Archive for October, 2011
Welcome to the Nursing Outlook Blog – “3 Questions” – Timely Interviews with Thought Leaders in Nursing
Health reform, quality and safety, medical liability, information technology, nursing education redesign………..
These are among the hot topics of the day. All the critical issues that are important to nursing warrant rapid dialogue among informed readers and traditional modes of publishing cannot keep up with the pace of information available. “Agility” is needed to deliver contemporary arguments electronically for persuasive commentary for building consensus that is timely, substantive and prepared for discourse. Blogging and blogs are increasingly providing a paperless platform for professionals to present and debate ideas in the socially connected evolving web. Nursing Outlook is now hosting an online environment – “3 Questions” – to engage nurses with nursing leaders in discussions around focused topics that are important for the profession. Interviews will be routinely edited and posted for readers to learn from thought leaders of the American Academy of Nursing and a variety of other nursing and health care megastars.
We invite commentary that is thoughtful and provocative! Join the online dialogue!
Nurses’ Visibility in Health Policy – Speak Up!
Diana Mason - Past Editor of the American Journal of Nursing, Rudin Professor at Hunter College Bellevue School of Nursing, and Director of the Center for Health Media and Health
Question 1: In the late 1990s, Sigma Theta Tau did a study of nurses’ representation in health stories by major print newspapers, weekly news magazines, and health care publications. Their results were disturbing. Nurses were represented less than 4% of the time, even though they would have been germane to the story. Are we doing any better today and does it matter?
Diana Mason: The Woodhull study that was published by Sigma Theta Tau in the late 1990s did find that nurses were underrepresented not only in public media but in our own media such as Modern Healthcare. I think we were represented in Modern Healthcare health stories less than 1% of the time even though we could have contributed significantly to the storyline. What was brilliant about Sigma Theta Tau’s follow-up was that they held regional meetings in which they had panels of nurses and journalists to comment on the story. So it raised visibility on this issue among journalists, particularly women journalists, since we’re predominantly still a female profession. Women journalists understand gender issues that prevail in many professions, and I think for some of them they realized they were doing a disservice to the healthcare field by not including nurses in their stories. At the panel that I was on in the Northeast region, a journalist who was there was a television journalist who brought the cameras into that meeting and actually did reporting there from that meeting.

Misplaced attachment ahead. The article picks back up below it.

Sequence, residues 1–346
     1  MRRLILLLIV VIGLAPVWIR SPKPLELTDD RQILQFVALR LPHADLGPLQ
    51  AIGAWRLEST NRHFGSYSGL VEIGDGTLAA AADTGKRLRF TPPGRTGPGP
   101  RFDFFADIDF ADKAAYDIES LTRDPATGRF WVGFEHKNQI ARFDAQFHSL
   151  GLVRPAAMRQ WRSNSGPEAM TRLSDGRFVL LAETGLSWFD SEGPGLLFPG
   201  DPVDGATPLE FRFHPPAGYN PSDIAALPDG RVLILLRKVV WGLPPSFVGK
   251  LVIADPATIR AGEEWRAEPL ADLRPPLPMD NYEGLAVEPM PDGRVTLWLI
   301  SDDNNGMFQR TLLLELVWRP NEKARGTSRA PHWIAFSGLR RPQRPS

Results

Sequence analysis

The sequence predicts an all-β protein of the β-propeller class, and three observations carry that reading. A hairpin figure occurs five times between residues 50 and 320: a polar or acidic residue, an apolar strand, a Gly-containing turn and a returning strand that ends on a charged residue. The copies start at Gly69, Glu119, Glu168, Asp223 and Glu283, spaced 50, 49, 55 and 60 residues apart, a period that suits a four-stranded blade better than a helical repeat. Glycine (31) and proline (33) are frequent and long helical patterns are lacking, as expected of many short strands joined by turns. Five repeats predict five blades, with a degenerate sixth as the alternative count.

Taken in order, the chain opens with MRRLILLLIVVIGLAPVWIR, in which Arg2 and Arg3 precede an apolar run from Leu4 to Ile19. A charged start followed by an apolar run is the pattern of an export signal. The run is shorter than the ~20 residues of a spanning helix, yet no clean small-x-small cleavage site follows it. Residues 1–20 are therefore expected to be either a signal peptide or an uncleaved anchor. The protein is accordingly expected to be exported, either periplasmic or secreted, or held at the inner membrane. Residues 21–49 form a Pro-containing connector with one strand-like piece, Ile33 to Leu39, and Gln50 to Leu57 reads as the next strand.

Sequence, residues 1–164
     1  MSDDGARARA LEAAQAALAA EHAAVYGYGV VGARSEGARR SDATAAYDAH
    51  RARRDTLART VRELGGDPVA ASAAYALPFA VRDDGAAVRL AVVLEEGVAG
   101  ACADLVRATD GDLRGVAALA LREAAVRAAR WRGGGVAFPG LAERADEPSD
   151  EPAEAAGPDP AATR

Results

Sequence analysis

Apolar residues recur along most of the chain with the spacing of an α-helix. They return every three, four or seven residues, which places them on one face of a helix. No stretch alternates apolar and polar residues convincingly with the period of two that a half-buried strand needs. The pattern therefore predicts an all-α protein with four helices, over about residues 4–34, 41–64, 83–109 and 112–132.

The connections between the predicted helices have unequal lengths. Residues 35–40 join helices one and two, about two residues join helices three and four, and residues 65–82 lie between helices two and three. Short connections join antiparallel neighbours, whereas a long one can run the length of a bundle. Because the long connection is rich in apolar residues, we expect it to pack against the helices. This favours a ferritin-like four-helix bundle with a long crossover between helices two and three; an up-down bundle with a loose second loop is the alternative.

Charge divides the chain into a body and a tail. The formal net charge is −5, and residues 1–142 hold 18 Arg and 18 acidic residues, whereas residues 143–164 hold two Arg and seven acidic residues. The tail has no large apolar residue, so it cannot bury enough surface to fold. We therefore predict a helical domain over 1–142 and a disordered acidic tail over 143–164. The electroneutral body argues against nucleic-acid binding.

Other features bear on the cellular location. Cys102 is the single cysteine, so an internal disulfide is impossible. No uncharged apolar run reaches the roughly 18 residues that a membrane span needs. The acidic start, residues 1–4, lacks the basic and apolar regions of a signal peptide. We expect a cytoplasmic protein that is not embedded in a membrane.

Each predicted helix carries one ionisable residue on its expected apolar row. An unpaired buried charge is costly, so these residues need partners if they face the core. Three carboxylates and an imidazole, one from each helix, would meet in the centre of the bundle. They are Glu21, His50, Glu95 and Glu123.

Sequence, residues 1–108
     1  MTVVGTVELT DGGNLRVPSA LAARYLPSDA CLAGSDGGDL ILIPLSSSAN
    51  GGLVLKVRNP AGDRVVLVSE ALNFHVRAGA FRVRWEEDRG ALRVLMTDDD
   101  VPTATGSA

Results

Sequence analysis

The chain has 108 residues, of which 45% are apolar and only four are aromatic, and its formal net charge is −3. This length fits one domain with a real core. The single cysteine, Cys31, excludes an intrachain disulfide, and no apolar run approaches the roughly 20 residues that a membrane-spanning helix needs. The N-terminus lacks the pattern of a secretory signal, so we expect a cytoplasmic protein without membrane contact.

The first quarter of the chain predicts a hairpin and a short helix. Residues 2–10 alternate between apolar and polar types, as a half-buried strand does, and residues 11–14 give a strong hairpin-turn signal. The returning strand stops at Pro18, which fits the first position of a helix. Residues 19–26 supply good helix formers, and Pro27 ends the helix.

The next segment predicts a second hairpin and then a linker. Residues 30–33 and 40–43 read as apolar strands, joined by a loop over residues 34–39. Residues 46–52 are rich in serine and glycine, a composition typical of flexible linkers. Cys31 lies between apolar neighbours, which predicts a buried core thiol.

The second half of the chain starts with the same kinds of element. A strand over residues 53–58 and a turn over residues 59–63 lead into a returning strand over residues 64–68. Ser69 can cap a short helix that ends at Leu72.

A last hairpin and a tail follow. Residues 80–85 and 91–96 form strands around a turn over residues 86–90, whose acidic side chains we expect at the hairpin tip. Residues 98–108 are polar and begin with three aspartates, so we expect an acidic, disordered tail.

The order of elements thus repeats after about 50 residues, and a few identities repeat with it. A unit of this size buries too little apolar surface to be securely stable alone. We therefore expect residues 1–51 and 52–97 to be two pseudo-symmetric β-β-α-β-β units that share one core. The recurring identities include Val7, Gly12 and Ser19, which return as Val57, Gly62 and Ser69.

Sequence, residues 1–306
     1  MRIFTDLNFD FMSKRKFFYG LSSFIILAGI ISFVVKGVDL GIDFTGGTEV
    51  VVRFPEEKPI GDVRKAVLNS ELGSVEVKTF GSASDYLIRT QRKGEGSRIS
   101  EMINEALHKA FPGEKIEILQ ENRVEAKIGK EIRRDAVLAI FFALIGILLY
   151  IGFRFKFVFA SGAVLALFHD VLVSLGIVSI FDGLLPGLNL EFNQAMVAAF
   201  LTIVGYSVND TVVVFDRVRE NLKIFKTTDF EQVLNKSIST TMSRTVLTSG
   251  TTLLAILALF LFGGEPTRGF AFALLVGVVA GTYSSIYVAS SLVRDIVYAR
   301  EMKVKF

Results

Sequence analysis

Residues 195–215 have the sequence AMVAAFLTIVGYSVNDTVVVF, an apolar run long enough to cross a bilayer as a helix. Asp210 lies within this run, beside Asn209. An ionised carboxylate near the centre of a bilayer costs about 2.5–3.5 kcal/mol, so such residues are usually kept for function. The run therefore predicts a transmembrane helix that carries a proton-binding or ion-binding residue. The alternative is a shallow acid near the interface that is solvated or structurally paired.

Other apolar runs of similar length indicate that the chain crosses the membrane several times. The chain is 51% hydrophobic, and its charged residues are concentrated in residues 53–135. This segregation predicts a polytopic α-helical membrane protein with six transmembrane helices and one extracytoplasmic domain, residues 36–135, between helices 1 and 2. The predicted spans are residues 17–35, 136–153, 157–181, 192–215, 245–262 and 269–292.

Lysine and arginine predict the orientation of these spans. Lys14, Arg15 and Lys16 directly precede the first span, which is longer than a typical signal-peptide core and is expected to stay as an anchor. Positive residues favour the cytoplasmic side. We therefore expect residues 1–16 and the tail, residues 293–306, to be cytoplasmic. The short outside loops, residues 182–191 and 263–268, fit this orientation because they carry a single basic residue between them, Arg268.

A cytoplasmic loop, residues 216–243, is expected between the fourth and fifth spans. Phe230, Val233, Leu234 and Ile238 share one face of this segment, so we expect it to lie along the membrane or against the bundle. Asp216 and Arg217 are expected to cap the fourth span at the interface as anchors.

And so Sigma not only held these regional meetings to raise the awareness of the issues among journalists and among nurses, but they also developed media expert lists of nurses on various topics and they did media outreach. And I think that really did have an impact on the extent to which nurses have become more visible in media.
I have to share with you that about three weeks ago I was reading a story in the New York Times. I pay attention to the issues that are being represented in public media on health and whether they are referring just to physicians or nurses or other health care providers – not just nurses, but social workers nutritionists etc. Increasingly, the language is physicians and nurses; and in this story, the language was nurses, physicians and other health care providers. And I thought, “Gee, haven’t we come a long way when nurses are positioned first in the sentence even before physicians.”